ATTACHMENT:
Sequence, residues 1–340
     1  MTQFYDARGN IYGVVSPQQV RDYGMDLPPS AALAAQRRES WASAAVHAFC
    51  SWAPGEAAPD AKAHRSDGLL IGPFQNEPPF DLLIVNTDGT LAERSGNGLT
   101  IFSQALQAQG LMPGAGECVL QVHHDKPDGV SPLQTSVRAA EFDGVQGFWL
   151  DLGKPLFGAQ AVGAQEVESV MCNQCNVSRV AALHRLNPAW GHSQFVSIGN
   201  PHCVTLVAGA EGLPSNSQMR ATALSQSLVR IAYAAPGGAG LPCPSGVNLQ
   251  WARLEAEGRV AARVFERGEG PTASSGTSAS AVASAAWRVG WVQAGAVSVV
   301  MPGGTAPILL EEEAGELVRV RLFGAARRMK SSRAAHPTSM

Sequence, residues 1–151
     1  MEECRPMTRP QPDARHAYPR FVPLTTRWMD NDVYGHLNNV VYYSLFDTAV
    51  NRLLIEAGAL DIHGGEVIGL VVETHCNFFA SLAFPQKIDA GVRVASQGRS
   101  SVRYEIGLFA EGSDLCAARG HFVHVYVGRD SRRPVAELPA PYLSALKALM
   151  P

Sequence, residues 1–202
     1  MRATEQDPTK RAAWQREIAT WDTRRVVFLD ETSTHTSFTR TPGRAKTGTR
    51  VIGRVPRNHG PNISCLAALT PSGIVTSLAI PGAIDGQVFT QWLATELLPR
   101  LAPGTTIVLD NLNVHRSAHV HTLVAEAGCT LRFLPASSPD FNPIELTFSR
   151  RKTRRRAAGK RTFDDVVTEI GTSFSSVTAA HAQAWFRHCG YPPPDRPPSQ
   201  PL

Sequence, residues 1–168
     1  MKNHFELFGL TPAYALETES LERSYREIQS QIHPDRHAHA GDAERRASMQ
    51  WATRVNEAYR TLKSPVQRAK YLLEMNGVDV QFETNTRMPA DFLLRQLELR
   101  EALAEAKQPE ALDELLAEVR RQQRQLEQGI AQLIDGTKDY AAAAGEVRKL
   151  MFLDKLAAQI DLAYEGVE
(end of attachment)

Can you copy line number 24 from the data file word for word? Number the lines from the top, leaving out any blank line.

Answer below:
   151  MFLDKLAAQI DLAYEGVE